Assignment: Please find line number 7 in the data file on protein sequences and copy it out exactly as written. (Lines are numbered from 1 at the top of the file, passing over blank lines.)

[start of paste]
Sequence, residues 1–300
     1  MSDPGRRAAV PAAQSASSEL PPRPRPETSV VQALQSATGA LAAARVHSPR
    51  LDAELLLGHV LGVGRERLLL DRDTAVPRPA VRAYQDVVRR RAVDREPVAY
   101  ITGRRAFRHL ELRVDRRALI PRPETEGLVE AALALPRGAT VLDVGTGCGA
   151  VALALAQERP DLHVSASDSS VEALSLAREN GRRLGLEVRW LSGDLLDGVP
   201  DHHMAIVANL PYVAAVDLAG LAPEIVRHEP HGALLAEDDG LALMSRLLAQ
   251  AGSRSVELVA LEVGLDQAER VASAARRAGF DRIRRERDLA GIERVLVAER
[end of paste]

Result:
   251  AGSRSVELVA LEVGLDQAER VASAARRAGF DRIRRERDLA GIERVLVAER